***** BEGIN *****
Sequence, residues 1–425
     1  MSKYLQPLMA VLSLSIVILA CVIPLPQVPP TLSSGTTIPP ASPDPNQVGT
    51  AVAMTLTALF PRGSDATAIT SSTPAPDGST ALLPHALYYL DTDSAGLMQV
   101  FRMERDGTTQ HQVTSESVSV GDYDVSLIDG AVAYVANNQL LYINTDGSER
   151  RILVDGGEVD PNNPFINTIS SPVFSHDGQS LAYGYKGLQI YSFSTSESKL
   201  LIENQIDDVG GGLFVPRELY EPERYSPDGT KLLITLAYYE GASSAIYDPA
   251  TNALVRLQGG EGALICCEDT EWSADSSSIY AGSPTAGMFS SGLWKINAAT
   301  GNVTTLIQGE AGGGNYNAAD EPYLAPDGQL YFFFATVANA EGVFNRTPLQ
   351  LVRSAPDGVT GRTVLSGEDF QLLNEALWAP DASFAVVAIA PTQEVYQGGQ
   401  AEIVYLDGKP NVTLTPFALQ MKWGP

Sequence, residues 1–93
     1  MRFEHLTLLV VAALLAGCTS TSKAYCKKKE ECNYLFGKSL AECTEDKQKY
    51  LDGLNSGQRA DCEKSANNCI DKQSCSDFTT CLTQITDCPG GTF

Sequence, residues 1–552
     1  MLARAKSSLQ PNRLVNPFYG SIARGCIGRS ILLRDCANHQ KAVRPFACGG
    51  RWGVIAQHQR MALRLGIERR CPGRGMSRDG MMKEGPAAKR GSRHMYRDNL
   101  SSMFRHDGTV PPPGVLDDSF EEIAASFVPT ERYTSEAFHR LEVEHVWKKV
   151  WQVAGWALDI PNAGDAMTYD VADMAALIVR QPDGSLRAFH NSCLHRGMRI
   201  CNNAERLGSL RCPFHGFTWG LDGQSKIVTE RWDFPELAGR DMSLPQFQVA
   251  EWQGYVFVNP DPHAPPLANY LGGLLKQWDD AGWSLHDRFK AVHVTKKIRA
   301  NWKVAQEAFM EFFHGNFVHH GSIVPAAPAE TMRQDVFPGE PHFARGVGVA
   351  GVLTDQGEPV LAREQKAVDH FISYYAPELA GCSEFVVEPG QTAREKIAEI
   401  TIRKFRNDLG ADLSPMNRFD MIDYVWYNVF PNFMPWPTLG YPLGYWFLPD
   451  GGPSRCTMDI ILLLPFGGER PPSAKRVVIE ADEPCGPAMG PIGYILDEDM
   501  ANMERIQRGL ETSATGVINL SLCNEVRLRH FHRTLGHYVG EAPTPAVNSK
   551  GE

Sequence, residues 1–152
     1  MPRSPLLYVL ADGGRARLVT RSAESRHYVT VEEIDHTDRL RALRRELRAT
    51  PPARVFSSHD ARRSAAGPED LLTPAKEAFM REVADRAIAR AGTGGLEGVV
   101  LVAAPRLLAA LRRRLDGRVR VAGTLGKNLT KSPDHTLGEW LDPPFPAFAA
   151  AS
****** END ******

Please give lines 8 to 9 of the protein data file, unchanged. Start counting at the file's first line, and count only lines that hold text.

   301  GNVTTLIQGE AGGGNYNAAD EPYLAPDGQL YFFFATVANA EGVFNRTPLQ
   351  LVRSAPDGVT GRTVLSGEDF QLLNEALWAP DASFAVVAIA PTQEVYQGGQ